[26]
We also think it relevant to note that in general the Social Security Act 1964 makes specific provision for married couples living together and different provisions for single people. 
[27]
Mr ******* argues that because s 71A refers simply “to the person” before the regime established by subs (2) can be invoked, the person receiving the benefit must also be the person receiving compensation. He says that because Mr ******* was not receiving compensation there is no basis on which an overpayment should be established in respect of his benefit using the dollar for dollar deduction regime. 
[28]
We are of the opinion however that subs (2) cannot be read in isolation from subs (1). In the first instance s 71A(1) states “This section applies”. We think it means the provisions of s 74A must be taken as a whole. Individual subsections do not stand on their own. Thus s 74A(1) (a) and (b) make it clear that the provisions of s 71A apply when a person who is receiving an income tested benefit has a spouse who receives weekly compensation. This in our view includes the deduction regime outlined in subs (2). 
[29]
Put another way, subs (1) refers to s 74A applying “to a person” in the circumstances set out in subss (1)(a) and (b). Subsection (3) defines weekly compensation payable “to the person”. It seems reasonable to infer that this refers back to the person in the circumstances described in subs (1). Finally, subs (2) provides for what happens when the person described in subs (1) receives weekly compensation, namely the dollar for dollar deduction regime. 
[30]
We consider the provision requires that weekly compensation payable to Mrs ******* be taken into account to calculate the rate of benefit payable to Mr ******* in accordance with s 71A(2). In this case regardless of whether Mrs ******* receives a benefit in her own right, if Mr ******* receives a benefit and his spouse receives weekly compensation the deduction regime in s 71A(2) applies.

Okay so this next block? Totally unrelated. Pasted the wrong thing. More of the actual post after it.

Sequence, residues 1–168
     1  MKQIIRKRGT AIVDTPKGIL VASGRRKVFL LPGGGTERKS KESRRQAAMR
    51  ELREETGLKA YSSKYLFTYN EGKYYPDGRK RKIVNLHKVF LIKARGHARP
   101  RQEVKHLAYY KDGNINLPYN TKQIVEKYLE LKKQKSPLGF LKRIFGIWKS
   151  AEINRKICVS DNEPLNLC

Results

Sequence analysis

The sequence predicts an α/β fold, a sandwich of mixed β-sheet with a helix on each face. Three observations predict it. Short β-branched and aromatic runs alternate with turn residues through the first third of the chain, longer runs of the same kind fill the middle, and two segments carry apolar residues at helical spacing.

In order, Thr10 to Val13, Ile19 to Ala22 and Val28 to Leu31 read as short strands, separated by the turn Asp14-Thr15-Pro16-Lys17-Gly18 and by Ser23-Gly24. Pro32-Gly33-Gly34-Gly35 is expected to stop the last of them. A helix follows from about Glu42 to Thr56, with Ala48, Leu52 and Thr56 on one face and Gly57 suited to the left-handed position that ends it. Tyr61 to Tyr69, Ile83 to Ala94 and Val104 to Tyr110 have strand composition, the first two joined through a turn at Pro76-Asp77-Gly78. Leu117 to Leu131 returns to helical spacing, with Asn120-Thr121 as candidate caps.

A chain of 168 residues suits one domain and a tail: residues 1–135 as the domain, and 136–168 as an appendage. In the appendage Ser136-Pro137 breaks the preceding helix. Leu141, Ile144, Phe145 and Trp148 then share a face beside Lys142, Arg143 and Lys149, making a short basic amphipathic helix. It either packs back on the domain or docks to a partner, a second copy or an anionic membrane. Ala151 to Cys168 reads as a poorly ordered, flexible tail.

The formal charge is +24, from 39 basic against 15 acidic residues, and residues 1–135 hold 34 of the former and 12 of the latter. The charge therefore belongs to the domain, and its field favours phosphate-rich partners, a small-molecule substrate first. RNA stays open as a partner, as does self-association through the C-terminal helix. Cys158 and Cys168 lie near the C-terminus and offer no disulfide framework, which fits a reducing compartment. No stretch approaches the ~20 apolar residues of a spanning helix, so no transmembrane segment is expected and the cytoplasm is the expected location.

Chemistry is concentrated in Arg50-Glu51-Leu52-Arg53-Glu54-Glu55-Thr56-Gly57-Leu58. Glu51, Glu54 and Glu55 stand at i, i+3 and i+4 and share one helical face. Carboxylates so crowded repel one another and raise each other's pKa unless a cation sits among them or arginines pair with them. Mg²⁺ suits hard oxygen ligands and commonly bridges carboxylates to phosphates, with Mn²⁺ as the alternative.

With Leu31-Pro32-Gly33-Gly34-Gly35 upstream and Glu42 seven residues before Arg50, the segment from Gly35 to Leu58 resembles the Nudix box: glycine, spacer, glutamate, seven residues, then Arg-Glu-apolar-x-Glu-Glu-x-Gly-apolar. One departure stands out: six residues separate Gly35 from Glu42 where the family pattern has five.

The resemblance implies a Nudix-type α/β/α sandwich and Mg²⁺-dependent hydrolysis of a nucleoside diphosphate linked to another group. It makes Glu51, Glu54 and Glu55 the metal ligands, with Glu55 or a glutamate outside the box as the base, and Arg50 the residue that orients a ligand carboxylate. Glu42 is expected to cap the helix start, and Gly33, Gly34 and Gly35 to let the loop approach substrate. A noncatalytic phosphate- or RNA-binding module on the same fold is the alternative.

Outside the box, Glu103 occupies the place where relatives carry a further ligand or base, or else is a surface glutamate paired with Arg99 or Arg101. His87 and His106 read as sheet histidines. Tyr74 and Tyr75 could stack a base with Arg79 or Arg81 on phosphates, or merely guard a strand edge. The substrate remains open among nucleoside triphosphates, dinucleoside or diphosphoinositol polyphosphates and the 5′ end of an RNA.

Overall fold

[31]
We are reinforced in our view in this regard by referring to the principle in M's case at paragraph 29: 
“both sections reflect the principle that applicants should have access to only one stream of ‘state assisted insurance’ in that a beneficiary cannot expect to receive both benefit and periodic earnings related compensation for the same period of time. ”
[32]
In our view the Chief Executive was correct in applying the deduction regime provided for in s 71A both to the benefit received by the appellant and the benefit received by her husband. We do not think the interpretation differs whether Mr ******* and Mrs ******* receive benefits in their own right or one partner is included in the benefit of the other.